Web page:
In her 49-minute State of the State address Tuesday opening the 2023 legislative session, New Mexico Governor Michelle Lujan Grisham spent eight minutes discussing public education without once mentioning the state’s dire student learning crisis.
Instead, Lujan Grisham focused on her administration’s “supercharged” investments in New Mexico’s education system. She also pushed several new initiatives, first unveiled in the Public Education Department budget proposal, including a longer school year and 4 percent across-the-board raises for teachers and other education workers.
Lujan Grisham said New Mexico’s public school teachers remain “criminally underpaid” despite big raises approved during last year’s legislative session, which she said made them the highest paid teachers in the southwest.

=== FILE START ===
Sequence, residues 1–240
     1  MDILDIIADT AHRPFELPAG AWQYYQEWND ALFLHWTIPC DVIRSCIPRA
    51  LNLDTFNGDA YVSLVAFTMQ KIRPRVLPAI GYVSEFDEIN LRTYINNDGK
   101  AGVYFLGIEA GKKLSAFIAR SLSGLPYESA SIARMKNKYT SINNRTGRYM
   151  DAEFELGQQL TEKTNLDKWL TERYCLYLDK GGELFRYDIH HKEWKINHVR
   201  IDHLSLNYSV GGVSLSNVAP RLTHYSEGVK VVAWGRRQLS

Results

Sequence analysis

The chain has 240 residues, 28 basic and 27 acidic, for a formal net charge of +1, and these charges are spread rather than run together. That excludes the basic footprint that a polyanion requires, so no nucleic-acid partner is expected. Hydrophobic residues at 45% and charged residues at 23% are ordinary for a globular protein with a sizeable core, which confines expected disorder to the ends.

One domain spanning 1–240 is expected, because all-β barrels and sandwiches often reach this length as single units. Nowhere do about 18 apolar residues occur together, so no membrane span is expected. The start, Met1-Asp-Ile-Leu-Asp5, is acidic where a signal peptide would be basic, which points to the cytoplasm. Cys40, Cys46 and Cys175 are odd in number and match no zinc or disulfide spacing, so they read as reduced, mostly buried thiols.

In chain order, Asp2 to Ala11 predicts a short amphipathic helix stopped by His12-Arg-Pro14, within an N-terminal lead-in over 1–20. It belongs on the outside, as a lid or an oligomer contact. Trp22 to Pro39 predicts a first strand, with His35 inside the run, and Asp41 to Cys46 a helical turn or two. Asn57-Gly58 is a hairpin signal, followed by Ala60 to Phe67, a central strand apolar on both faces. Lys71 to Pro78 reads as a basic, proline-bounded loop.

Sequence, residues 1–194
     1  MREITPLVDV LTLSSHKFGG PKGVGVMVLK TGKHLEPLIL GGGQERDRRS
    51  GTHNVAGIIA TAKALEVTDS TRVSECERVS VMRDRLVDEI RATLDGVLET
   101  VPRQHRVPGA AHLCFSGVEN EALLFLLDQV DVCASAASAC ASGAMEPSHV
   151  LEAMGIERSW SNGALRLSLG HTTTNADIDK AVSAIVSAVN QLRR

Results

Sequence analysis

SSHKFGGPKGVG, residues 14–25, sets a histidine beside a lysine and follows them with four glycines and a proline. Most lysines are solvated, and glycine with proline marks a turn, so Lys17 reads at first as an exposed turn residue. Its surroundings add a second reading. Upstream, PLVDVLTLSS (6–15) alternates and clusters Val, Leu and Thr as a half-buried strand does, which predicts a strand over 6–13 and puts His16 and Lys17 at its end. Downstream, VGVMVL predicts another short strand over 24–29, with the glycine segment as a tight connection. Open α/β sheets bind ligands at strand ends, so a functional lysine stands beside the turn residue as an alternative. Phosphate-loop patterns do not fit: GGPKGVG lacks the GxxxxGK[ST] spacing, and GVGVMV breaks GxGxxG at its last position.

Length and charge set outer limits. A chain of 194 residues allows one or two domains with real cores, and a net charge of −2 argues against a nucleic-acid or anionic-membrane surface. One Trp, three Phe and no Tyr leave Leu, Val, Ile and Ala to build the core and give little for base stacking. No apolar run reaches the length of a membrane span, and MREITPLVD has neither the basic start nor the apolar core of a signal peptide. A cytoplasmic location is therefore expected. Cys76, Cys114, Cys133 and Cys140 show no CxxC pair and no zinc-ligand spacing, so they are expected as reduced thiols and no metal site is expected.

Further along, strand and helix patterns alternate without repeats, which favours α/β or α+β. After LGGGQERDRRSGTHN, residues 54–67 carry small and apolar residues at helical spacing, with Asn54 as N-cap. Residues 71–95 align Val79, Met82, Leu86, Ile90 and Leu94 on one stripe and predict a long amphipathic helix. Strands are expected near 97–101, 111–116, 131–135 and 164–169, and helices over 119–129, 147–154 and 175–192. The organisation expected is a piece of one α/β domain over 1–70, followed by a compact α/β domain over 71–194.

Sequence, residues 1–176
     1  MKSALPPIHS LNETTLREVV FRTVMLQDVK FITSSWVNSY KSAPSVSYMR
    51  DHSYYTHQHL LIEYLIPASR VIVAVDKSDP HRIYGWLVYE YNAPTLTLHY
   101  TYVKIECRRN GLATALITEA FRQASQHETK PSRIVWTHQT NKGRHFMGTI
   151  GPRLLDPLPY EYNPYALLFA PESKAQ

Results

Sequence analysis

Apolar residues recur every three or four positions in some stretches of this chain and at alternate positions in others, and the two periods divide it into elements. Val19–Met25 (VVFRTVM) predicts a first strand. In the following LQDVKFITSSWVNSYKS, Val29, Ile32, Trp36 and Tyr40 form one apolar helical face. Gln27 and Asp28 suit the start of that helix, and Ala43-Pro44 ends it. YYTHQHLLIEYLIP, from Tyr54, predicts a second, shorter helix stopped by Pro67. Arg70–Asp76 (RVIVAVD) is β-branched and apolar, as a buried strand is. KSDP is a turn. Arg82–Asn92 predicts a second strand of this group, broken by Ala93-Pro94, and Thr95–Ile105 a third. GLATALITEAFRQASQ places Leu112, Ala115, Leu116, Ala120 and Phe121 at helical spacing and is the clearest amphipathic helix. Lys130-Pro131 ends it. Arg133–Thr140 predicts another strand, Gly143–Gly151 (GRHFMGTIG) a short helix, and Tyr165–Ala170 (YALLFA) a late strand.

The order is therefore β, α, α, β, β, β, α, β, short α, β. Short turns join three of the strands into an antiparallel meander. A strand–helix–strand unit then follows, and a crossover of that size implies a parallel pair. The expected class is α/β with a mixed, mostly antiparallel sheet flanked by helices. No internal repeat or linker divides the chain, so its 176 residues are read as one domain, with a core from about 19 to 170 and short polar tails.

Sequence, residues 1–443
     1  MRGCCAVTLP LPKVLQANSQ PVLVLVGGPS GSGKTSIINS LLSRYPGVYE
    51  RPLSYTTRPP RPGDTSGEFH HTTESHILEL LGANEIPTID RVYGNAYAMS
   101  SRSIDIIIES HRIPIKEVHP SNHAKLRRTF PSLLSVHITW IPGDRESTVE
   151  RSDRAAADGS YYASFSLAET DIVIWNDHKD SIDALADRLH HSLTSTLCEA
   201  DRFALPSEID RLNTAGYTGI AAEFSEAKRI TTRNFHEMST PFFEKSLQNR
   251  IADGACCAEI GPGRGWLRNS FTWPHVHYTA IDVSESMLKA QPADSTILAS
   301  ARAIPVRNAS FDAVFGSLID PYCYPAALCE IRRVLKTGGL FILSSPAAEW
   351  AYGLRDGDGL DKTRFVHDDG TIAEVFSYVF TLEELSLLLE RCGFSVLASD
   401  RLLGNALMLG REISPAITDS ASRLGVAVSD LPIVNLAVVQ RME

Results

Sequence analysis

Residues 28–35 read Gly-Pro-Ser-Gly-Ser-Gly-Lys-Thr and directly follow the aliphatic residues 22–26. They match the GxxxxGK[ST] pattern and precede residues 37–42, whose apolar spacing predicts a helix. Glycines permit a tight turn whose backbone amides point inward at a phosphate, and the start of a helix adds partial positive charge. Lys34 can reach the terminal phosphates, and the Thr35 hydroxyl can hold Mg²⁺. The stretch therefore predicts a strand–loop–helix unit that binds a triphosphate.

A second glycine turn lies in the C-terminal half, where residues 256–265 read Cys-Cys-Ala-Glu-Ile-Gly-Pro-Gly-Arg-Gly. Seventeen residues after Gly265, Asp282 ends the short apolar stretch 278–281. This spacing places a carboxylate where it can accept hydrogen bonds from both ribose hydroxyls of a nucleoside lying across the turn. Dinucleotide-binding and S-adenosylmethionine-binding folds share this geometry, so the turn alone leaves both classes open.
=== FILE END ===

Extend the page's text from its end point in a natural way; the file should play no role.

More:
“You know what? They ought to be the highest paid educators in the United States of America,” she said to sustained applause. She also proposed covering health insurance premiums for teachers.
Legislators will also be asked to approve free school meals for all New Mexico students. “Too many kids are being forced to learn on an empty stomach,” Lujam Grisham said,
The governor also touted the Opportunity Scholarship program, which provides free college to all state residents.
At the other end of the pipeline, she proposed a major investment to further bolster the state’s “constitutional right to early childhood education.” She said the state can provide childcare and early education “for each and every one of our families by investing more than half a billion dollars in targeted funding.”
Lujan Grisham did not address Covid-related learning loss, nor the fact that on 2022 national test results, New Mexico had the nation’s lowest scores among the 50 states and Washington D.C..